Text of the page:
Are biting flies and other livestock insect pests bugging your horses and cattle? Here is a rundown of common critters that pester your livestock along with some strategies for controlling these insects:
This fly is commonly found milling around your horse’s face in order to lap moisture from his eyes and nose with its sponging mouthparts. It will also feed on wounds. The housefly favors sweet things as well, such as the molasses found in some feeds. It is the most common of all the flying pests. Although it isn’t a biting fly, it can still act as a vector to spread diseases. A prolific breeder, one housefly can lay over 1,000 eggs within two weeks.
- Control Strategy: Remove all wet and rotting vegetation, and keep weeds down near barns and shelters. Sweep up spilled feed and dispose of it in a covered trash can. Use feed-through products such as Solitude IGR for your horses and release parasitic wasps to disrupt their breeding cycle. To kill adults, put sticky traps in the barn, and lure them away from the barn with traps and bait. Repel flies from the horse with spray and a fly mask.
This biting fly resembles the housefly but has a pin-like mouthpart. It sits on your horse’s lower legs and flanks where it bites into the skin to suck blood with its sharp, tube-like beak. The stable fly is a strong flier and can travel miles. It prefers wet manure and moist, decaying matter such as straw, hay bales and uncovered compost piles. Remove all rotting and wet debris, spread manure thinly, and flatten old round hay bales.
- Control Strategies: Compost properly and turn or stack manure piles. Release parasitic wasps or use feed-through products to disrupt the breeding cycle. The adult stable fly resists bait and sticky traps, so kill a dults with prism traps set in the sunlight a couple of feet off the ground. Repel flies on the horse with spray, leg wraps and a fly mask and sheet. Argyle Feed carries Dura-Mesh Fly Masks with or without ears as well as sheets which hold up well during turnout and are most effective against large biting flies.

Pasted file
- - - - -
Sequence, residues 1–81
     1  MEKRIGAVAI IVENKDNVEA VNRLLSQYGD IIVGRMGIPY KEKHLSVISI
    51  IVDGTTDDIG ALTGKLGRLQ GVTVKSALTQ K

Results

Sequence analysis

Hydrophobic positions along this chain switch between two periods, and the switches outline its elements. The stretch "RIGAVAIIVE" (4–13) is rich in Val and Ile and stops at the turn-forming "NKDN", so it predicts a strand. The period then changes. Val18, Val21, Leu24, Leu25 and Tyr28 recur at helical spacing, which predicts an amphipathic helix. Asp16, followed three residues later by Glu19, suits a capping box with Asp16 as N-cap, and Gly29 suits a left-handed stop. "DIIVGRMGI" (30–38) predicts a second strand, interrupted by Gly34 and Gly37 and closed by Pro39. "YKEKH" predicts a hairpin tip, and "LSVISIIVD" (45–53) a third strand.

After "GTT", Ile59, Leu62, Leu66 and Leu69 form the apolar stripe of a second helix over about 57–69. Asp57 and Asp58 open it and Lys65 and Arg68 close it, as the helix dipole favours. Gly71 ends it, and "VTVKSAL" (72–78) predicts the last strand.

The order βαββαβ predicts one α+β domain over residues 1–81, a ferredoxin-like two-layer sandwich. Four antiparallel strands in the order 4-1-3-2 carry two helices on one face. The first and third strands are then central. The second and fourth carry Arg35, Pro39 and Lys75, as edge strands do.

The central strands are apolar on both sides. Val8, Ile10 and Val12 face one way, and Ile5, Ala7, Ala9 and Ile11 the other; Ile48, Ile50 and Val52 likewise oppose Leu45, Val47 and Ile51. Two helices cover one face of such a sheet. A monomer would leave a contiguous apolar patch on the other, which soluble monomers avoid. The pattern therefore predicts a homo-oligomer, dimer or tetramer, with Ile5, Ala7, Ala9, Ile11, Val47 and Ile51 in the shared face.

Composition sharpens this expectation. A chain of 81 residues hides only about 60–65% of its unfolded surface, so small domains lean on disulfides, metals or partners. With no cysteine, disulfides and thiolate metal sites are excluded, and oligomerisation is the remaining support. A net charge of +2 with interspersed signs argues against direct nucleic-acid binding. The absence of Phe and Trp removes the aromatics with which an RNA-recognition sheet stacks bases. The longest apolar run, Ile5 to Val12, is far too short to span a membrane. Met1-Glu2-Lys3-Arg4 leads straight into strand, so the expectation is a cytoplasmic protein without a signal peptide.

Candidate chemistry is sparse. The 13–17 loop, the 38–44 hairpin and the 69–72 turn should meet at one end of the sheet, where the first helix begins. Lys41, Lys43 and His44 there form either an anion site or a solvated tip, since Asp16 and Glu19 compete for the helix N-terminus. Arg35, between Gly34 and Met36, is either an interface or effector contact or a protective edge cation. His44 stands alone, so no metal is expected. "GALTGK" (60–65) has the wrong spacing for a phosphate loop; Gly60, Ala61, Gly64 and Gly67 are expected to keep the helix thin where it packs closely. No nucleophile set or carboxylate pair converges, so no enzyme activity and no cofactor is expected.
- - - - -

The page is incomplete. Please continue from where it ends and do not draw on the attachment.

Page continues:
The mosquito’s bite is itchy and unpleasant, but the potential harm doesn’t stop there; mosquitoes can carry West Nile virus and Eastern Equine Encephalitis.
- Control Strategies: Dump out any unnecessary standing water and use Mosquito Dunks which are safe to use in drinking water but toxic to mosquito larvae. Employ carbon dioxide mosquito and biting insect traps to kill adults. Repel mosquitoes with fly spray and a fly sheet.
Horsefly and Deerfly
In the deep South, the yellow fly is included in this category. These strong fliers make horses extremely miserable in the late spring and summer months. Females need a blood meal to complete the development of their eggs, which are laid in marshy ground. They are vectors for the Equine Infectious Anemia (EIA) virus. Flies settle on their prey and use their saw tooth to slash the skin. They don’t like the shade, so horses will often head for shelter when these biting flies attack. Most fly sprays aren’t effective against horseflies and deerflies.
- Control Strategies: Use the Horse Pal Fly Trap to stop the breeding cycle, repellent that specifically targets these species, and a sturdy fly sheet to weaken attacks.
The blood-feeding horn fly is typically found on cattle because it needs wet, undisturbed cow manure for breeding–it can’t develop in horse manure. But if cattle are kept near horses, horn flies will happily feed on them (as well as any other livestock and dogs). Horn flies mill around the animal’s back or on the belly during wet or hot days.
- Control Strategy: Use a feed-through product like Purina Wind & Rain Storm Cattle Minerals to control horn fly development around your cattle, parasitic wasps to break the cycle and use fly spray and a fly sheet to repel adults. Watch this short video which shows the impact horn flies have on cattle populations and, subsequently, your horses, too:
Source: Sharon Biggs, HorseChannel.com